Muslims of the World – Story of Baraa

SOURCE: Muslims of the World by Sajjad Shah 

The headlines involving hijab seem endless. Last year, the modest swimwear often worn by Muslim women, known as the “burqini,” was banned in the French Riviera. A few days after the ban went into effect a photo surfaced of a Muslim woman being forced to undress at the beach by French police officers. In my home country of Canada, a Muslim woman in hijab was racially targeted and attacked. The aggressor yelled: “I am a Nazi.”

When I hear these stories, I sometimes wonder why I still wear hijab. Why do I endure the onslaught of hatred from strangers? Why do I suffer stares on public transportation from uncomfortable riders? Why do I risk my safety for the headscarf? My relationship with hijab has been extremely complicated, and not just for these reasons. Although its political symbolism in an ISIS-obsessed, post-9/11 world is undeniable, to me hijab’s complications lie in the personal dilemmas, hesitations, and insecurities it evokes.
When I first wore hijab, I did not associate any larger meaning with it. At the time, I did not understand the meaning of modesty, nor did I try to. To retroactively impose those beliefs on myself as a ten-year-old would be unfair. I wore hijab simply because it would have been weird not to. This is how I explain it to my non-Muslim friends—imagine growing up around women like your mom and your aunts, with uncovered hair, and then as a preteen suddenly announcing you want to wear the hijab. It would be absurd. For me, the reverse was true: Wearing hijab was just a natural thing to do in my community.

Perhaps it was the naïveté of an eleven-year-old, but when I first wore hijab I did not feel different from my close friends of other faiths. My school friends shared my innocence. They would look at my hijab and ask questions out of sincere curiosity. “What is it like?”

“Why do you have to wear it?” When they found out that I didn’t celebrate Christmas they replied, “Oh, you’re Jehovah’s Witness. That’s cool.” That’s the thing about eleven-year-olds: They don’t associate meaning with a piece of fabric on some girl’s head.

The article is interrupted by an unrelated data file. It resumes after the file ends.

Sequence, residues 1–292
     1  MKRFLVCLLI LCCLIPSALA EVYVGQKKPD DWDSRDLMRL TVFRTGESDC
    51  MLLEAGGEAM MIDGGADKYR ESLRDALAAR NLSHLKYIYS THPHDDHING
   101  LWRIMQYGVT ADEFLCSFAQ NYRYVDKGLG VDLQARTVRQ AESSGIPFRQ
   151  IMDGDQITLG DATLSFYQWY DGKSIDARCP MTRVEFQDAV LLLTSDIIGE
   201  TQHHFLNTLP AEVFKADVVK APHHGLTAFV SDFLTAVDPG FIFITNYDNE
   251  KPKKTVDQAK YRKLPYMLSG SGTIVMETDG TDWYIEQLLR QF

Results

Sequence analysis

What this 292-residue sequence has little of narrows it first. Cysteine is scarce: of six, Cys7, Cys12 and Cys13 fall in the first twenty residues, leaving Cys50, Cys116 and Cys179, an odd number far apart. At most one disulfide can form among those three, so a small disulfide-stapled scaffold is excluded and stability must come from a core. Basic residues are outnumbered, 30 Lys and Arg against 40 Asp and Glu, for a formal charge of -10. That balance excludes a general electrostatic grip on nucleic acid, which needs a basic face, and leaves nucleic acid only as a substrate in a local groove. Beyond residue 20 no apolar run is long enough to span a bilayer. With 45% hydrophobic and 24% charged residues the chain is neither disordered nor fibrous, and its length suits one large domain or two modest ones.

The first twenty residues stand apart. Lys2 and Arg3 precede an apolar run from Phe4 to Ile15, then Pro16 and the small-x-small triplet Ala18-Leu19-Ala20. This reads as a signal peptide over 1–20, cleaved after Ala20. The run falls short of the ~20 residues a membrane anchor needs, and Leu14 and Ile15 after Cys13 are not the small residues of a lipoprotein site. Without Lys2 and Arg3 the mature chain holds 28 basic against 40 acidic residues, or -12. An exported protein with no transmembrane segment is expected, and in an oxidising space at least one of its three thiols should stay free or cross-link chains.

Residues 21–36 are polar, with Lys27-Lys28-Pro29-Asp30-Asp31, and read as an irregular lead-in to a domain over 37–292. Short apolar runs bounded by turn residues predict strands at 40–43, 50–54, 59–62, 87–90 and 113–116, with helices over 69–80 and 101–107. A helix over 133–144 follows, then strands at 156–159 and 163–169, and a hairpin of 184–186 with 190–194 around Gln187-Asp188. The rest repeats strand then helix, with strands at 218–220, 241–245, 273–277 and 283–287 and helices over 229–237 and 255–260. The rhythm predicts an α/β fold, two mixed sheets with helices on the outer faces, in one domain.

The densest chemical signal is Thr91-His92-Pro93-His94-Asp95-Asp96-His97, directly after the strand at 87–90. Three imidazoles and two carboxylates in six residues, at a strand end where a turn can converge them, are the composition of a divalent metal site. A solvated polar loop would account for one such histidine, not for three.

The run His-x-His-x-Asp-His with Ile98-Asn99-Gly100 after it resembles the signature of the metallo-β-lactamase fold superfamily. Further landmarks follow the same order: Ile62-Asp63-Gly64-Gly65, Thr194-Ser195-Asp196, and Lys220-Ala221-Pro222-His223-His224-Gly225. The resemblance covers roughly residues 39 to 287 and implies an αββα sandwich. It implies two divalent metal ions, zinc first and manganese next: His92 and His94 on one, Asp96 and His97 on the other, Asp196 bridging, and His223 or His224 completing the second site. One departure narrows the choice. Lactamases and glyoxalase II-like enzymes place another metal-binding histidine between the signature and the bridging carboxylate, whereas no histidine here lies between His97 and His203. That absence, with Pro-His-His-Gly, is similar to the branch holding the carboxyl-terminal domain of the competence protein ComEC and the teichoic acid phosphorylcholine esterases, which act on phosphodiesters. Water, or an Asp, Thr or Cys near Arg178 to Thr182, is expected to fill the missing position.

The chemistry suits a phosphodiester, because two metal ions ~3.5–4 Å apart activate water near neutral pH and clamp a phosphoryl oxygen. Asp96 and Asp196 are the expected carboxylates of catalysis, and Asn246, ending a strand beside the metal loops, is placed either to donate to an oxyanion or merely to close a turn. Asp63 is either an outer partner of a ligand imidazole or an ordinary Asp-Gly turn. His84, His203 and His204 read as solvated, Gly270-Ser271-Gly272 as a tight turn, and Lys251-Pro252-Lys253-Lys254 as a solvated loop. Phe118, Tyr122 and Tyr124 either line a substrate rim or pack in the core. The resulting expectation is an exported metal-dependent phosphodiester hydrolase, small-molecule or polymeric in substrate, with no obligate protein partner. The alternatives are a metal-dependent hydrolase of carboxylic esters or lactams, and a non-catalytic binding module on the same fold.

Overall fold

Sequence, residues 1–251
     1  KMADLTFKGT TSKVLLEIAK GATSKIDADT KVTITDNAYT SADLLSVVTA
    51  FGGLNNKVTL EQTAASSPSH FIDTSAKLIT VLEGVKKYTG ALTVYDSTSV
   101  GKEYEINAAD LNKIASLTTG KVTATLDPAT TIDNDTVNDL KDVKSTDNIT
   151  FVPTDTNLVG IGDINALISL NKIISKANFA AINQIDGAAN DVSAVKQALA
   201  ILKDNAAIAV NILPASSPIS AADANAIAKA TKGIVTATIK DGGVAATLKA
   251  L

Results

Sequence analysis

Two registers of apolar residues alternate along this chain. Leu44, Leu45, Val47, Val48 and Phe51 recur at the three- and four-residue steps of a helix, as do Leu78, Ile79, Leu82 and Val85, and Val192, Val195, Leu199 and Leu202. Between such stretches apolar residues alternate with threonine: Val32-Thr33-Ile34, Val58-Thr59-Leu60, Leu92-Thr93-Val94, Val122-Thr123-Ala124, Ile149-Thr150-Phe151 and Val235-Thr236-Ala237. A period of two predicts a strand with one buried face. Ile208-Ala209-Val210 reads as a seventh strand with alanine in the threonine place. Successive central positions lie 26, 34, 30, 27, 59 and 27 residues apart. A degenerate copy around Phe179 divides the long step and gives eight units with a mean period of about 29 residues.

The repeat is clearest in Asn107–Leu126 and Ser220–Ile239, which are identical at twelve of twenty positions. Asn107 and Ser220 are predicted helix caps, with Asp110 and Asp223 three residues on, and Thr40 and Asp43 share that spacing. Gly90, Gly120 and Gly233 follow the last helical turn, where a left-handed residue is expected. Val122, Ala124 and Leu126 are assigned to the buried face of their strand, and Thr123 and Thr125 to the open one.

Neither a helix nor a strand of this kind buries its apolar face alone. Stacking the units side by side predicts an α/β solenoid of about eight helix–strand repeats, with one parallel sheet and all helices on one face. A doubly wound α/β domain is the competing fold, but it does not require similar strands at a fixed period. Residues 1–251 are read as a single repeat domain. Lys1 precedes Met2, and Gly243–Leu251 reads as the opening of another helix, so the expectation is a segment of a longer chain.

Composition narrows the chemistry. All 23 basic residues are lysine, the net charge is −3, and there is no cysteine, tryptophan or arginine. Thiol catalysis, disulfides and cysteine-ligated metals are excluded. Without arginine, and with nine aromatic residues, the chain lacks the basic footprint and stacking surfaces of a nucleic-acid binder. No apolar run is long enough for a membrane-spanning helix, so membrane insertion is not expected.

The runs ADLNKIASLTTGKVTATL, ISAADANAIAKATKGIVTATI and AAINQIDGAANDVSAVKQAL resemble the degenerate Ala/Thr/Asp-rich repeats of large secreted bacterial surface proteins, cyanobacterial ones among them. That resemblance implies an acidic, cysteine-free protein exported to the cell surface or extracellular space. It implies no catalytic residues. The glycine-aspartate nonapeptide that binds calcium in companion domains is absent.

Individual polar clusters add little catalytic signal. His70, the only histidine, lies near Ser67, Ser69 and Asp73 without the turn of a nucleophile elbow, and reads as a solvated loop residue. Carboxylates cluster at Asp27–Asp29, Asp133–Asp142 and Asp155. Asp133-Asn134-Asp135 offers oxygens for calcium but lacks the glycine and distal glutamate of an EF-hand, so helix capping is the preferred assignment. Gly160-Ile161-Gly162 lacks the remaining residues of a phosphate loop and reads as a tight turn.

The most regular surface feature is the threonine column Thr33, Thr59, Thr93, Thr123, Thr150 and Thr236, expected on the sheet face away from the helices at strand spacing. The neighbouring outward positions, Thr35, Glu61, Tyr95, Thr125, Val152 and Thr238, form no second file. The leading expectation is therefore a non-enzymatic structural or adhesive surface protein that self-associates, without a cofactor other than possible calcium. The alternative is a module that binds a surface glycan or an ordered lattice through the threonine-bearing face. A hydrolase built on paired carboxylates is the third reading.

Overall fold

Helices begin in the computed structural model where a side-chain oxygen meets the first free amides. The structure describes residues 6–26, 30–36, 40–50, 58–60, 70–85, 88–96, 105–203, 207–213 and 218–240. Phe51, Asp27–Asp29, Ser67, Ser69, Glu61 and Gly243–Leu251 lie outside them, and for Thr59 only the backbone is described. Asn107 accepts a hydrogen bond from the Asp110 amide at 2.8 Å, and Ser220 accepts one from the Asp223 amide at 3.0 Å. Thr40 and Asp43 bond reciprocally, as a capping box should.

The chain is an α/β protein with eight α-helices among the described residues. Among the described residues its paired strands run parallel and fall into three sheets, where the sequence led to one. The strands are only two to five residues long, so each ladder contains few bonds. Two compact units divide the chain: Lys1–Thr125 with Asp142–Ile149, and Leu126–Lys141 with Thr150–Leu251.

The insecurities around wearing hijab appeared in my life later on. I started to feel alienation and discomfort in middle school. Hijab meant I was “the weird girl.” I did not dress like the other girls. I did not look normal, but most importantly I did not feel normal. At the same time, hijab did not protect me from the turmoil of being a teenage girl. Hijab did not make me immune to having crushes on boys, making dumb mistakes, hating my body, or having mental health issues.
As I moved through life, the challenges grew. Sometimes I blame my hijab for my being excluded in social situations, for not getting a job, or for not feeling beautiful. I feel I have to work twice as hard to get half of what those who blend in have. On the worst of days, I am deeply afraid my hijab means I will be assaulted as a recognizably Muslim woman.
All these insecurities mean I must continuously question and reaffirm why I wear a hijab:
I wear hijab because I want to.
I wear hijab as a feminist, as a woman, as a Canadian.
I wear hijab to hold myself morally accountable.
I wear hijab for God.

Although these are the beliefs behind my choice to wear hijab, daily insecurities taint my experience. I cannot help but imagine that life would be easier without a piece of fabric around my head. So yes, I think about taking the hijab off. Even though it is a personal choice, I often have to justify it to strangers.
To wear hijab is not a simple or an easy choice. It is not an isolated act. Mix in the politics of fear, the War on Terror, and exclusive feminism, and many days wearing the hijab seems almost impossible.

 Sometimes I ask myself, why do I bother carrying the burden of hijab’s political and religious symbolism (quite literally) on my head? My relationship to the hijab is not stagnant. The very act of perpetual self-inquiry makes hijab meaningful to me. My hijab has given me the opportunity to be a part of something bigger than myself. The insecurities and hesitations hijab prompts push me to acknowledge I am a work in progress. I am imperfect but determined to be the best version of myself and to stand firmly in what I believe.